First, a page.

The Saddledome is shown in Calgary, Alta., Friday, Sept. 15, 2017.A new home for the Calgary Flames will be debated Tuesday in city council chambers. The city and Flames owner Calgary Sports and Entertainment have a tentative agreement to equally split the cost of a $550-million event centre which would replace the 36-year-old Saddledome. CANADIAN PRESS/Jeff McIntosh

The Saddledome is shown in Calgary, Alta., Friday, Sept. 15, 2017.A new home for the Calgary Flames will be debated Tuesday in city council chambers. The city and Flames owner Calgary Sports and Entertainment have a tentative agreement to equally split the cost of a $550-million event centre which would replace the 36-year-old Saddledome. CANADIAN PRESS/Jeff McIntosh

Decision time looms for new Calgary arena and home for NHL’s Flames

The city vows municipal property taxes will not increase to pay for the event centre

A new home for the Calgary Flames will be debated Tuesday in city council chambers.

The city and Flames owner Calgary Sports and Entertainment have a tentative agreement to equally split the cost of a $550-million event centre which would replace the 36-year-old Saddledome.

City councillors can approve the deal, vote it down, or delay by asking for a longer period of analysis and consultation.

Mayor Naheed Nenshi intends to vote in favour of the project, calling it “a good deal for Calgary.”

If approved, the soonest shovels would go in the ground is 2021.

In the agreement unveiled last week, the city says the projected return to Calgarians is $400.3 million over the course of the 35-year agreement with the Flames.

That figure incorporates revenues from ticket sales, a portion of naming rights, retail property taxes in the building, CSEC donations to amateur sports programming and tax generation in the district where it will be built.

But a Calgary economist disputes that figure, saying inflation wasn’t taken into account.

“That number is unquestionably wrong,” University of Calgary associate economics professor Trevor Tombe told The Canadian Press.

“A dollar in 35 years is worth a lot less than a dollar today. Inflation alone eats away half the value of that dollar over the course of three and a half decades.

“They’re not at all incorporating these issues around the time value of money. It is just Finance 101. This is not how you do it.”

He also points out a $47-million net loss on the project wasn’t made public at the news conference last Monday, and that information only came to light when administration was pressed by councillors later that night in chambers.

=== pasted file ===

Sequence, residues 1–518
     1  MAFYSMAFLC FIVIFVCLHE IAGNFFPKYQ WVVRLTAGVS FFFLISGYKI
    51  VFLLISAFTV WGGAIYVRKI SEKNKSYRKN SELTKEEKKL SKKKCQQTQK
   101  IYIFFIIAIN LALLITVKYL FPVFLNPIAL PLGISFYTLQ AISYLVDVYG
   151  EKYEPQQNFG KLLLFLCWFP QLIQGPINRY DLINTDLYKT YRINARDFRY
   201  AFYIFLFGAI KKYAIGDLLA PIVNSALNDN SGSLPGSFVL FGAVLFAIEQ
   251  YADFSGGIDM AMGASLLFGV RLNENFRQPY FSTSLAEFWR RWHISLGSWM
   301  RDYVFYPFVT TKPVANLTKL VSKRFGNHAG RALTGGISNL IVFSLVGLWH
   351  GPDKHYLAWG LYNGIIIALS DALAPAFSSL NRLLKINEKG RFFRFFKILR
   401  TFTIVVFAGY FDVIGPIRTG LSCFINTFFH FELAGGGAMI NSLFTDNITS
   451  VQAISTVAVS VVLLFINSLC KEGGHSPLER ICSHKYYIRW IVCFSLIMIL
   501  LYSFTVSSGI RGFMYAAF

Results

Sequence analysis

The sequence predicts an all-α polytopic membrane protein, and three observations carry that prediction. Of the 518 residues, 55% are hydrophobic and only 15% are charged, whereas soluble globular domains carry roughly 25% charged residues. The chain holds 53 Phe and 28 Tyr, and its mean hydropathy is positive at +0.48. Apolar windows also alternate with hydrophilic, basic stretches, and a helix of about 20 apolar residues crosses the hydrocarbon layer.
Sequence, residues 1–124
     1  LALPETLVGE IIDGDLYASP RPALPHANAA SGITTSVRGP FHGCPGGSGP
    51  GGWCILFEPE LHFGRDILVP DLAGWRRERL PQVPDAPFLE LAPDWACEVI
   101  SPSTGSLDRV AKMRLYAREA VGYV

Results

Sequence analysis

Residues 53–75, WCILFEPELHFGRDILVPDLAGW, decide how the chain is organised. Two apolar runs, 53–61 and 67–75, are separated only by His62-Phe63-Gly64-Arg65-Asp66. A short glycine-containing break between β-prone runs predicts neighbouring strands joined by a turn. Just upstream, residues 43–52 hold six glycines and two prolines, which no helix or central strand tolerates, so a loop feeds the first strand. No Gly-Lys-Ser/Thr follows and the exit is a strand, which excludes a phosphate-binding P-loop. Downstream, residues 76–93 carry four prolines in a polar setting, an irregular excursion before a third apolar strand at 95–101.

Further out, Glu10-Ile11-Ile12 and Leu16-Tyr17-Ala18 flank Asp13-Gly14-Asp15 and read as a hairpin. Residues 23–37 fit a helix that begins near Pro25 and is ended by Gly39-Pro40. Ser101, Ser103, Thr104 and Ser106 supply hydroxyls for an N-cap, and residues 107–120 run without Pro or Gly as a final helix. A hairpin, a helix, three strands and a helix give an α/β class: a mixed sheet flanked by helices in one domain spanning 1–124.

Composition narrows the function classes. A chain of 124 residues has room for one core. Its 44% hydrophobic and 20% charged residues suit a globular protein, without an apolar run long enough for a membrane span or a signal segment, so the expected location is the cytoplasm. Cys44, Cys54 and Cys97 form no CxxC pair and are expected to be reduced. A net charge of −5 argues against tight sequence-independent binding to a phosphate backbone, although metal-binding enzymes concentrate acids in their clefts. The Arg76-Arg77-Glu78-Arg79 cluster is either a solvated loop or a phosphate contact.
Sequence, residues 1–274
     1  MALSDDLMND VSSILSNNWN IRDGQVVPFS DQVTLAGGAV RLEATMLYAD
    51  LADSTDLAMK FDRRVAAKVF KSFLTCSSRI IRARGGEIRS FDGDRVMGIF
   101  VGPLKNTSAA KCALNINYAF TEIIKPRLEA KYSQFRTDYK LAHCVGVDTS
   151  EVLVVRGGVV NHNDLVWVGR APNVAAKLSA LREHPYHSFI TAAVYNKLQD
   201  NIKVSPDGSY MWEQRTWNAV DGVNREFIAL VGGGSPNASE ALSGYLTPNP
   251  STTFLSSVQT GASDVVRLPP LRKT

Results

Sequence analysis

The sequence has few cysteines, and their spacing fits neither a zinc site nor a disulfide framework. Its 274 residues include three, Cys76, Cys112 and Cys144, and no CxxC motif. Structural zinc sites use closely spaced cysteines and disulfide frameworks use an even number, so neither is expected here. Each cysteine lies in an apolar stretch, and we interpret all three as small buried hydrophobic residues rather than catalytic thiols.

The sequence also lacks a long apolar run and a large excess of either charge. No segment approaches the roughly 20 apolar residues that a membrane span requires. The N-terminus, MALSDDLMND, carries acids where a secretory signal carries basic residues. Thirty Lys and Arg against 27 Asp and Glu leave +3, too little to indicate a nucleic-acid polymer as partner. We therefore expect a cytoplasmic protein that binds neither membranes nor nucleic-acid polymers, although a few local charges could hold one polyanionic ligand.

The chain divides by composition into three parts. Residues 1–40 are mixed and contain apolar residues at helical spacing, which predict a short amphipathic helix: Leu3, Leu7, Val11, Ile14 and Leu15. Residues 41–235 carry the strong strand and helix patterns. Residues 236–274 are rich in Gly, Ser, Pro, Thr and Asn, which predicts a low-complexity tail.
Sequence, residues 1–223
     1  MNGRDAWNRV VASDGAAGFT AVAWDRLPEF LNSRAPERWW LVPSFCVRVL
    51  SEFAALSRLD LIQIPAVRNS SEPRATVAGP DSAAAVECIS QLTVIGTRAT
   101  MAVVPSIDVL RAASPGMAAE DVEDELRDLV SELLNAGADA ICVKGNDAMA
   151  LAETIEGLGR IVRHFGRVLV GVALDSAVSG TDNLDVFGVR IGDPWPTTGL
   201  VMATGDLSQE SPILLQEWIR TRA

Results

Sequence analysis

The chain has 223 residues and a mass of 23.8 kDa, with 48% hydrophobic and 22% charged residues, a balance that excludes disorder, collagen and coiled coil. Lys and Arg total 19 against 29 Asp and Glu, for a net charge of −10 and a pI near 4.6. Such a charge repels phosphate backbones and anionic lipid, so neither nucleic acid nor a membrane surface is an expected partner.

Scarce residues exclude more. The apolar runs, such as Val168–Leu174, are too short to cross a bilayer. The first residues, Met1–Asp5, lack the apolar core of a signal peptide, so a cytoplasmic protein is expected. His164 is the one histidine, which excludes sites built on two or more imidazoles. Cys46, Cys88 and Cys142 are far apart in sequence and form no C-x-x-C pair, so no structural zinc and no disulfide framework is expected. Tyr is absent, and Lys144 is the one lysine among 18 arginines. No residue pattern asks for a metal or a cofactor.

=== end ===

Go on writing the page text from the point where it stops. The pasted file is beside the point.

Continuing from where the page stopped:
But a loss of $47 million over 35 years isn’t necessarily a deal-breaker, he said.

“It’s a money loser, but that’s OK,” Tombe said. “We don’t fund the zoo because we think it will make money. We do it for other reasons and there are those non-economic considerations here too.”

The city vows municipal property taxes will not increase to pay for the event centre.

If revenue streams to the city stated in the proposal were eliminated, Tombe says the arena’s cost to the average Calgary homeowner would be $15 per year in perpetuity.

“Personally, I actually come down and say ‘hey, the intangible benefits, redeveloping that area and the arena for Stampede and other community stuff and civic pride’ to me, that’s worth fifteen bucks a year, but individuals will differ,” he said.

“Whether it is a good deal for the city or not, it’s subjective. We should really be talking about the non-economic intangible benefits.

“In order to have that conversation, we need accurate, transparent and digestible costs so we can say ‘OK, are those costs worth it?’”

Talks between the city and the Flames abruptly broke off in 2017 when a new arena became a fractious civic election issue.

CSEC is putting up the same amount of up-front cash it was prepared to give two years ago — $275 million.

One major difference in the current deal is the Flames will not pay property tax as the city proposed two years ago. The city would own the building.

CSEC, which also owns the WHL’s Hitmen, CFL’s Stampeders and NLL’s Roughnecks, initially didn’t want to give the city any ticket revenue.

The corporation has agreed to hand over 2 per cent from every ticket sold to the city as a facility fee, capped at $3 million annually for the first five years and estimated to bring in $155.1 million over 35 years.

All revenues generated by the event centre go to CSEC, minus its commitment to the city and the sharing of parking revenues with the Calgary Stampede board.

The Flames would be responsible for the operation, maintenance and day-to-day repairs of the event centre.

CSEC has committed to upping its contribution to local sport groups, which the city states amounts to $75 million over the course of the 35-year term.

The event centre is part of revitalization plan for the east side of downtown near the Stampede grounds.

Calgary’s mayor acknowledges the optics of committing to a new arena right now are poor in the wake of last week’s $60 million in budget cuts.

“Let’s be real. This timing stinks,” Nenshi wrote Saturday in social-media post.

“It is one hundred per cent reasonable to ask what the heck council is thinking, bringing forward an agreement on a new arena, talking about spending on other projects, all while reducing the budget by $60 million.

“But we have to continue doing our work as a city on multiple fronts. The big picture remains to continue to build a great community while maintaining our position as the best place in Canada to start and grow a business.”

Donna Spencer, The Canadian Press

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